What Do Mesenchymal Stem Cells Look Like?

by Chris Centeno, MD /

Receive a Regenexx® Patient Info Packet by email and learn why it's a superior regenerative solution.

We recently invited you into our research lab to learn about colony-forming units (CFUs) and how we use these to roughly quantify mesenchymal stem cells (MSCs) in a sample. Today we’re going to zoom in much closer on a segment of this process and show you MSCs from the incubation point to how they look in culture on inversion microscopy. So step back into our research lab again (watch the brief video above) and take a peek at mesenchymal stem cells in culture.

What’s Happening in the Video

Before I explain what you’ll see, let’s briefly review how we begin the culturing technique from our “What Is a CFU?” post. We first seed the culture plates with highly diluted bone marrow concentrate (BMC), which contains the mesenchymal stem cells. We place these in an incubator and culture, or grow them for ten days.

As the video above begins, we have some MSCs in culture in the incubator. There are actually a couple vessels in which we can culture cells, and you will see two in our incubator. One is monolayer flask, and the other is a culture plate containing six culture areas called “wells.” So after I pull the plated cells out of the incubator, Dustin, one of our research scientists, puts them under the microscope so we can get a good look at them on the microscope screen using inversion microscopy.

The device Dustin is using here is different from the kind of microscope you used in high school (compound microscope). The traditional scope you’re used to generally needs to stain cells to show anything, a process that can’t be used to observe living cells as the stain might harm or kill the cells. An inverted scope excels at observing cells in culture without staining. In fact, the inverted scope he’s using here is also fitted with a fluorescence function and software so that you can see the parts of a cell and measure changes. For example, we used it in our study of how local anesthetics impact stem cells and measured the calcium stores in the endoplasmic reticulum.

What is Dustin looking at under the scope? The Mesenchymal stem cells (MSCs) actually adhere to the bottom of the plastic wells, where they grow in culture. Under the microscope and imaged on the screen, you can clearly see what these growing MSCs look like. The simple description is that the MSCs are shaped like a spindle from an old-fashioned spinning wheel. So you’ll see the fatter segment where the nucleus is located and then a tapering off, like the shaft of the spindle, to one side or the other. The scientific description, Dustin explains, is that MSCs are fibroblastic in morphology, essentially appearing elongated and linear.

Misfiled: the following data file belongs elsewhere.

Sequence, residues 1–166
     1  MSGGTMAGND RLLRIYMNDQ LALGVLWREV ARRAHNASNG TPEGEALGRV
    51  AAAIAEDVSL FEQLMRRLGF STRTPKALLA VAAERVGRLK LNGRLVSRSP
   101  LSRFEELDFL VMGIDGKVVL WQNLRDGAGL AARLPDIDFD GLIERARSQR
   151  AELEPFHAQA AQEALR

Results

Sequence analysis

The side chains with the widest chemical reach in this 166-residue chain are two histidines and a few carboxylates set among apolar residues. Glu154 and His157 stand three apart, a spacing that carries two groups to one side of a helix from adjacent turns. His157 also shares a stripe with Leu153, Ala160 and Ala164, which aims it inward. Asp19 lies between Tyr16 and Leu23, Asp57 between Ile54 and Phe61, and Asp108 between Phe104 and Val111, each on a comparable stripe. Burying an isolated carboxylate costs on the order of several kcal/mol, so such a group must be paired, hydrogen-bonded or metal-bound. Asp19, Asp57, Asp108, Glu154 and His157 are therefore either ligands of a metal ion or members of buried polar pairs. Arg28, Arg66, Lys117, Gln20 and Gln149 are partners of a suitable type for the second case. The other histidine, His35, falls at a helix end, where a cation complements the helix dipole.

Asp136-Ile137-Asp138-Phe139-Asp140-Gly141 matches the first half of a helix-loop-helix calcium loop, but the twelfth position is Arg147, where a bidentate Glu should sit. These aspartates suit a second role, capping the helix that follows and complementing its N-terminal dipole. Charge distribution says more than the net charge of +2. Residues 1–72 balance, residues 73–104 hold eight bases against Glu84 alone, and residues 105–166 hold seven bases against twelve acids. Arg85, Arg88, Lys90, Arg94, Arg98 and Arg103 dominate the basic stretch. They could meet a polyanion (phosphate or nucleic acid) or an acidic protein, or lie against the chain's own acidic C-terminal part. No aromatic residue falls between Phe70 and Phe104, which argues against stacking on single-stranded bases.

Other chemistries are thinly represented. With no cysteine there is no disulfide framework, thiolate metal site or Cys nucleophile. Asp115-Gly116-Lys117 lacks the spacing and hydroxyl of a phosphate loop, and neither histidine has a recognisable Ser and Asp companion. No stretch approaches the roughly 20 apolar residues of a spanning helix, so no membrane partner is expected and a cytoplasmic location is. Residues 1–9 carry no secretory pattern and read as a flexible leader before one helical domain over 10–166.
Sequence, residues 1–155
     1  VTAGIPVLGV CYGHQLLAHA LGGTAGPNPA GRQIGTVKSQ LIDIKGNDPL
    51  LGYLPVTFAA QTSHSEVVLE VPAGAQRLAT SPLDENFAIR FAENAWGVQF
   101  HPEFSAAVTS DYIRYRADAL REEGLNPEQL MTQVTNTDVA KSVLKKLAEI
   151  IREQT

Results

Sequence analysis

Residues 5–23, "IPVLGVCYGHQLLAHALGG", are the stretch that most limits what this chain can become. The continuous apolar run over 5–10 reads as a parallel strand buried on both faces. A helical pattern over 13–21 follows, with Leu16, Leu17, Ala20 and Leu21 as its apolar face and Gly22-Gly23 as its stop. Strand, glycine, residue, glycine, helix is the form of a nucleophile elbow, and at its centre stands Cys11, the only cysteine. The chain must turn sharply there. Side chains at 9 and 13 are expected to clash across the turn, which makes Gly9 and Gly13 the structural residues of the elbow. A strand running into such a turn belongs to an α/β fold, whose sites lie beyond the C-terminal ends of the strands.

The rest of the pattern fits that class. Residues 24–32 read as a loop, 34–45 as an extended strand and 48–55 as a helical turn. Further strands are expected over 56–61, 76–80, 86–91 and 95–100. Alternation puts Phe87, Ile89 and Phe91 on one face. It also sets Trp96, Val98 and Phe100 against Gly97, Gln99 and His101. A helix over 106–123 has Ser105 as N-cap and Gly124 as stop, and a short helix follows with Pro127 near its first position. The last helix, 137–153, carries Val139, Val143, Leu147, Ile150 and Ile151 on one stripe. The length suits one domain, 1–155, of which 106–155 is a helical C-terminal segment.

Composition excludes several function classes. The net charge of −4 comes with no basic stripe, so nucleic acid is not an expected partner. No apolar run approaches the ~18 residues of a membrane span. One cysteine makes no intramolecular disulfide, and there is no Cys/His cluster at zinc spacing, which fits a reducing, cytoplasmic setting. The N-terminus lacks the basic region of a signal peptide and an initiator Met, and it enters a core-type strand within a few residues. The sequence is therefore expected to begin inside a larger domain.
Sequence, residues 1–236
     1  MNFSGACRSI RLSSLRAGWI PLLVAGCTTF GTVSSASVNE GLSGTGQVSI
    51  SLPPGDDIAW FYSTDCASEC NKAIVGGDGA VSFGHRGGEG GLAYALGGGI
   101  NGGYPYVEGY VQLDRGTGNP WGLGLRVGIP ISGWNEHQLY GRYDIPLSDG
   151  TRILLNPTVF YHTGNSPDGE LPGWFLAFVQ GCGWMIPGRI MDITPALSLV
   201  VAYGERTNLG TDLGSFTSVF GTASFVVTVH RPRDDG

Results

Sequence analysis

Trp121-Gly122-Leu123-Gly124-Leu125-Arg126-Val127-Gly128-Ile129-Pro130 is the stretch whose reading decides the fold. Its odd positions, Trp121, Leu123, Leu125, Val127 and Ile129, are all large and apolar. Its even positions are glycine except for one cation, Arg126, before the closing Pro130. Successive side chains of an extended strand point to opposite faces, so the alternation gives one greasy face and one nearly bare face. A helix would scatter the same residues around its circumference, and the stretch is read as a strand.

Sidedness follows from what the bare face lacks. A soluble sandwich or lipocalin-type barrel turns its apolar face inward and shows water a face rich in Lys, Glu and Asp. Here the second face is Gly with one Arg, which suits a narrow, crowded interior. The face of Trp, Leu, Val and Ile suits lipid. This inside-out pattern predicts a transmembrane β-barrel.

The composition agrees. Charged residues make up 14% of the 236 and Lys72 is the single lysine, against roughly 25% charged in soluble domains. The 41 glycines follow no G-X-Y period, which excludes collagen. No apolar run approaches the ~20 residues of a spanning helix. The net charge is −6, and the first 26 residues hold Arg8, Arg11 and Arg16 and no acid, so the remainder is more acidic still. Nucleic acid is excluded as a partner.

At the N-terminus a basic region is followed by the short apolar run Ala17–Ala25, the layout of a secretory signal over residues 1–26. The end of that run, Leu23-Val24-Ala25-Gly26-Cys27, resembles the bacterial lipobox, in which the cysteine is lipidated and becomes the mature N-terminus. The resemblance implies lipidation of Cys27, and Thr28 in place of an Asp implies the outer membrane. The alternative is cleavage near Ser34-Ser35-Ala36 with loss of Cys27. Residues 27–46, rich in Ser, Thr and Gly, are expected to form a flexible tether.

How We Use Cultured Mesenchymal Stem Cells

In the United States, all of the procedures that use your stem cells require isolation of the stem cell fraction from a tissue, such as the bone marrow, in the same surgical procedure. These procedures usually occur on the same day as the harvest of the stem cells. Obviously this isn’t possible with culturing mesenchymal stem cells as it is a much longer process during which we incubate the cells for 12-21 days, and because the FDA classifies cultured cells as a drug, it is currently illegal to use them here for therapeutic purposes in the U.S. So here, we’re limited to using cultured MSCs for experimental and research purposes only. Outside of the U.S., such as at our licensed Grand Cayman site, we can use cultured MSCs for therapeutic purposes and have done so for many years.

The upshot? I’m a visual learner, so for me, to see first hand, what’s being written about, expands my knowledge. So I hope this peek at MSCs gives you a better understanding of them. Be sure to watch the video above as well as our CFU video to fully enhance your understanding of MSC terminology.

Leave a Reply

Your email address will not be published. Required fields are marked *

1 thought on “What Do Mesenchymal Stem Cells Look Like?

  1. Dane

    This lab series is awesome, keep it up!

Chris Centeno, MD

Regenexx Founder

Chris Centeno, MD is a specialist in regenerative medicine and the new field of Interventional Orthopedics. Centeno pioneered orthopedic stem cell procedures in 2005 and is responsible for a large amount of the published research on stem cell use for orthopedic applications.
View Profile

Get Blog Updates by Email

Get fresh updates and insights from Regenexx delivered straight to your inbox.

Regenerative procedures are commonly used to treat musculoskelatal trauma, overuse injuries, and degenerative issues, including failed surgeries.
Select Your Problem Area
Shoulder

Shoulder